Wi-Fi is becoming as common as cell phones. Starbucks', McDonald’s and airplanes now offer Wi-Fi. Ambulances are joining the communication innovation, too. The JEMS 200-City Survey found that as many 86% of respondents say they're using electronic patient care records and sending data to hospitals while en route.
Rowan County (N.C.) has a wireless system that starts with dispatch and goes on through billing. The county’s Chief of Emergency Services Frank Thomason says dispatch and routing information, along with maps, are automatically relayed to an ambulance when a call comes in.
Each of the county's 11 ambulances have a Wi-Fi access point that makes them mobile hotspots. This allows direct communication between onboard laptops and cardiac monitors. Patient care reports and vital signs are instantly sent to the hospital, allowing hospital staff to be ready when the patient rolls in.
“We've seen a real difference,” says Thomason. “We've had numerous cardiac cases where the cath lab is ready when the ambulance arrives.”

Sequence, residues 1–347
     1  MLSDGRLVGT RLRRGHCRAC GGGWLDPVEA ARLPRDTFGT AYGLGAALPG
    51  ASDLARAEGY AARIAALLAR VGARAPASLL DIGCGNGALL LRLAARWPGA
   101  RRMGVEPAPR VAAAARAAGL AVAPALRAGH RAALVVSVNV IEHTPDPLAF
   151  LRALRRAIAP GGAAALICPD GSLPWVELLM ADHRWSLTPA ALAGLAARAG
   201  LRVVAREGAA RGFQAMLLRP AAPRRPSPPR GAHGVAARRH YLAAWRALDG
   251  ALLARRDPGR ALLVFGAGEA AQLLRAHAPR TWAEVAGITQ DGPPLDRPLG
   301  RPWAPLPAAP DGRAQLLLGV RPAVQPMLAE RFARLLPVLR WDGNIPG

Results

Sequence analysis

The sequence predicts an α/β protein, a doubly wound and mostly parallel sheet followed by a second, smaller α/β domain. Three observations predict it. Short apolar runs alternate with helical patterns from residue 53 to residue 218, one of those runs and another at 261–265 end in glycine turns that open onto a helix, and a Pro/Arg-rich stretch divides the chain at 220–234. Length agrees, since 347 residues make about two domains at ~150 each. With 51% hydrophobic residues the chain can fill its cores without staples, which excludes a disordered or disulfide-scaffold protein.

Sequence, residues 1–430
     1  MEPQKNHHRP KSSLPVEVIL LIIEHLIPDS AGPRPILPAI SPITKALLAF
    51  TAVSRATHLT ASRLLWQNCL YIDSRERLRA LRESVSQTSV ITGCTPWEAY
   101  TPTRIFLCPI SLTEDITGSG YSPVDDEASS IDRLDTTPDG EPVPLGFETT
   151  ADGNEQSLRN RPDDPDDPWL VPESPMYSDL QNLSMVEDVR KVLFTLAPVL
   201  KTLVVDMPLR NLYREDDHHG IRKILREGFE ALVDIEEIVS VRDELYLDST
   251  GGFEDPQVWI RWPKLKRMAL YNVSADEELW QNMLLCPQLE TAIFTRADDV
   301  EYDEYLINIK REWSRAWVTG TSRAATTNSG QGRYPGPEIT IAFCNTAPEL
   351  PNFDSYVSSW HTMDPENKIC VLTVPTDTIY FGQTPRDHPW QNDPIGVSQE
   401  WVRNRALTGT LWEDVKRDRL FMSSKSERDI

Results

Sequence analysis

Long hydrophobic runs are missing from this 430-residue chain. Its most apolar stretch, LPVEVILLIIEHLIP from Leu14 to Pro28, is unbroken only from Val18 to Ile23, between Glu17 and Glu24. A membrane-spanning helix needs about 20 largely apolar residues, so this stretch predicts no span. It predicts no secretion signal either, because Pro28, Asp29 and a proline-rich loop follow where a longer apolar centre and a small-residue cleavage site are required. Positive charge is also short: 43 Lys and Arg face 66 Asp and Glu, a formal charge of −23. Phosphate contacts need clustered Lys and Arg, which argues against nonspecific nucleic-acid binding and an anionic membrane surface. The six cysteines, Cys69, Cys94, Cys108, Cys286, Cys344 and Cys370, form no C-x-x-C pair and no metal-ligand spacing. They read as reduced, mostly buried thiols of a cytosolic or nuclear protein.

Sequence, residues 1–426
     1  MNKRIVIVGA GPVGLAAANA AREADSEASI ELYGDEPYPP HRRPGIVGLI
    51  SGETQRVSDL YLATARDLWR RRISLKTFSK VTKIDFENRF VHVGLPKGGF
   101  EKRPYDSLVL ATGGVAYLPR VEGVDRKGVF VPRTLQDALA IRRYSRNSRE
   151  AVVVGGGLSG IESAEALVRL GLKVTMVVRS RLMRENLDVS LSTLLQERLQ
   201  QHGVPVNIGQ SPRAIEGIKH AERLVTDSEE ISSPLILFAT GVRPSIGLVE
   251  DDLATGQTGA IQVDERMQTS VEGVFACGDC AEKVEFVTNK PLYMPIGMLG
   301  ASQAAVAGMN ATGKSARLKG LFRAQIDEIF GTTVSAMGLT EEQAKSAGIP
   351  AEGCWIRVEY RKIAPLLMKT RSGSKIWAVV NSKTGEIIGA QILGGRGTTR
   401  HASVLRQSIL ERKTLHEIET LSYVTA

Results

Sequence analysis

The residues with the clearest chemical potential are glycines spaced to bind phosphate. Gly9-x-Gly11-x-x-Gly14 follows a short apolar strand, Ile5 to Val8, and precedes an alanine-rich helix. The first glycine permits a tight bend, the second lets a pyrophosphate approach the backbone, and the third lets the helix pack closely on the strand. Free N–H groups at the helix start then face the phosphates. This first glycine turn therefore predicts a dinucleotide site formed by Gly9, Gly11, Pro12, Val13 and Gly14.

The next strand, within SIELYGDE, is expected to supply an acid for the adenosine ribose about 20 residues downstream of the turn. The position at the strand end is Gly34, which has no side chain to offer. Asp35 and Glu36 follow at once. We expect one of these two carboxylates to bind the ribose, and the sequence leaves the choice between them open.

Submitting electronic patient care records to their third-party billing company has increased the county’s billing collections. The information goes to the company more quickly and more accurately. Thomason says there’s an overall decrease in documentation error rate.
Mini-Cams for EMS?
Another technology that may appear in the EMS market is a personal video camera, made by TASER International. It’s currently used by law enforcement. The small camera is attached to a helmet or worn over the ear to capture what the officer sees. This camera could have applications for EMS too. For example, it might be used for documentation for training purposes.
TASER spokesman Steve Tuttle says, “I don't think that industry is ready for it yet.” EMS agencies have contacted TASER, but Health Insurance Portability and Accountability Act is the stumbling block. Tuttle thinks there may be a way to deal with that as the technology advances.